Claire Messud's cosmopolitan sensibilities infuse her fiction with a refreshing cultural fluidity. Her first novel, When the World Was Steady (1995), followed two midlife sisters in search of new beginnings, one in Bali and the other on the Isle of Skye. In her second novel, The Last Life (1999), a teenager reacting to a family crisis pondered her father's origins in Algeria and southern France, and her mother's New England roots.
The year is 1839, and two great empires — Great Britain and Russia — are treating the world map like a chessboard, trying to outmaneuver one another for territory. For no reason other than geography, Afghanistan gets caught in the middle.
Today, as the U.S. ends its war in Afghanistan, historian William Dalrymple recounts the first time a Western power fought in that country. In Return of a King, Dalrymple details Great Britain's attempt to control Afghanistan by putting an ousted king back on the throne — a plan that went famously wrong.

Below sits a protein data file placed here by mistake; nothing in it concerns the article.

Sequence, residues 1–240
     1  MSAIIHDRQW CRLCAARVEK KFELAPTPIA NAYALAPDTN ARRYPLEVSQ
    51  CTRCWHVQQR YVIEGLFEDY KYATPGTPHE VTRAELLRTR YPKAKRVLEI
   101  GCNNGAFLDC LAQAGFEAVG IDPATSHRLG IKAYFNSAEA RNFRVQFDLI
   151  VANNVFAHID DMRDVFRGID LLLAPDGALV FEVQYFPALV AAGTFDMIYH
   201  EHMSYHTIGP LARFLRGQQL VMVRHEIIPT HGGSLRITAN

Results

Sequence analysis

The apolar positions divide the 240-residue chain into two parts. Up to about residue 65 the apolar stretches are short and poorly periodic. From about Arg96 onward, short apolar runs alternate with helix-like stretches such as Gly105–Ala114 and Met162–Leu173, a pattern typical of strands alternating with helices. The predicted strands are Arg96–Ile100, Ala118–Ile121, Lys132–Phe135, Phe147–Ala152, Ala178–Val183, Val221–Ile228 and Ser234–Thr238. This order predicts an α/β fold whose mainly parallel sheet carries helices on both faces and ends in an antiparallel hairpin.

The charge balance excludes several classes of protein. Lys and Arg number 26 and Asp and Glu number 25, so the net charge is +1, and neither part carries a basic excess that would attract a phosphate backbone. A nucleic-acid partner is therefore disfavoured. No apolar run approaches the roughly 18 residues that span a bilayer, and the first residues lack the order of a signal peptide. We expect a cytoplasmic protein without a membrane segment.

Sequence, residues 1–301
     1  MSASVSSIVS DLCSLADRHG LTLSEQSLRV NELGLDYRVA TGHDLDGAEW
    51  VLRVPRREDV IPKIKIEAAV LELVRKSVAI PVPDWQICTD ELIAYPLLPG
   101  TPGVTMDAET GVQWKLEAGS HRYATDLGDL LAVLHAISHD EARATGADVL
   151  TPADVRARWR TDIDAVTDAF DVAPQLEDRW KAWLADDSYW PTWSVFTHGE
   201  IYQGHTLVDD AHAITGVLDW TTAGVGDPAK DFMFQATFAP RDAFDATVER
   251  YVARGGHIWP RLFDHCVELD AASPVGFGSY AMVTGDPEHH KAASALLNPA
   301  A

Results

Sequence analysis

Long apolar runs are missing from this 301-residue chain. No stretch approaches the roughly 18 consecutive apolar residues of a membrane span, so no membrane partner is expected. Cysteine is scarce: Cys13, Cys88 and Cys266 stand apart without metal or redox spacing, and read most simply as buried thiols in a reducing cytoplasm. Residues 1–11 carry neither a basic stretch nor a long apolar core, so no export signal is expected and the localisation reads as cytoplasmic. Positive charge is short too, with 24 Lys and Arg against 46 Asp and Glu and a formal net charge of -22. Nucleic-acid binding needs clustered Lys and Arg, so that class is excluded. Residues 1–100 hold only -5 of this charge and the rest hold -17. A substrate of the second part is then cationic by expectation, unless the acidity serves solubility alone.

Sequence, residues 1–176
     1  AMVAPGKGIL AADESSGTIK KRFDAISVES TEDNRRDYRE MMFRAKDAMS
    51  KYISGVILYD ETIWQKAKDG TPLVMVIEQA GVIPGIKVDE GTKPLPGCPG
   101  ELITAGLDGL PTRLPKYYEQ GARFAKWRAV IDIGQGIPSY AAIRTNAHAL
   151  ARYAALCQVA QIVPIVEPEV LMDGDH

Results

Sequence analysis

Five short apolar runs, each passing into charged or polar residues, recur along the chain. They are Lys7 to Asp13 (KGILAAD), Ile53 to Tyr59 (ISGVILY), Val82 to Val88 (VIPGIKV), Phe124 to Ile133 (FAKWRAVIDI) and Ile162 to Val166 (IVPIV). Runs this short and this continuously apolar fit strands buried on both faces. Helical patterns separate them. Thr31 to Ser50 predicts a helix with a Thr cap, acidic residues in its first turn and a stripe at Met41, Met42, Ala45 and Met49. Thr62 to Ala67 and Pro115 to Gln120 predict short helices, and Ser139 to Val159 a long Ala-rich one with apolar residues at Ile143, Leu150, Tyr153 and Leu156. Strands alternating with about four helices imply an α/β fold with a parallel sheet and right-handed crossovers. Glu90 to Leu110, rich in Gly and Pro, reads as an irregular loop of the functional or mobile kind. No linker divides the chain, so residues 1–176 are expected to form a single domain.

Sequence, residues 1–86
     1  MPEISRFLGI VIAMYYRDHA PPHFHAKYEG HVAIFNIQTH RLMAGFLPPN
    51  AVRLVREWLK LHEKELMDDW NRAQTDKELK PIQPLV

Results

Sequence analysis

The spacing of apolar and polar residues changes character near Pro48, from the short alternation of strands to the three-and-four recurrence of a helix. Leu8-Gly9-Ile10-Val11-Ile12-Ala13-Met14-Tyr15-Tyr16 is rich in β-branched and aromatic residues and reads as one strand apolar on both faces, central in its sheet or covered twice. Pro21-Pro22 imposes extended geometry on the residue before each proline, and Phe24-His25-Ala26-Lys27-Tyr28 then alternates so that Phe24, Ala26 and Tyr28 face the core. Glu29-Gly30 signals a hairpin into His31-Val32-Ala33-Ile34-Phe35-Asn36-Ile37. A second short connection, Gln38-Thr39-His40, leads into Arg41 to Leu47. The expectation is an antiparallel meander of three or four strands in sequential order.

When Pippin opened in 1972, it was a sensation. Directed and choreographed by Bob Fosse, who was coming off his Academy Award-winning film version of Cabaret, it was a showbiz triumph of jazz hands, sexy dancing and theatrical magic.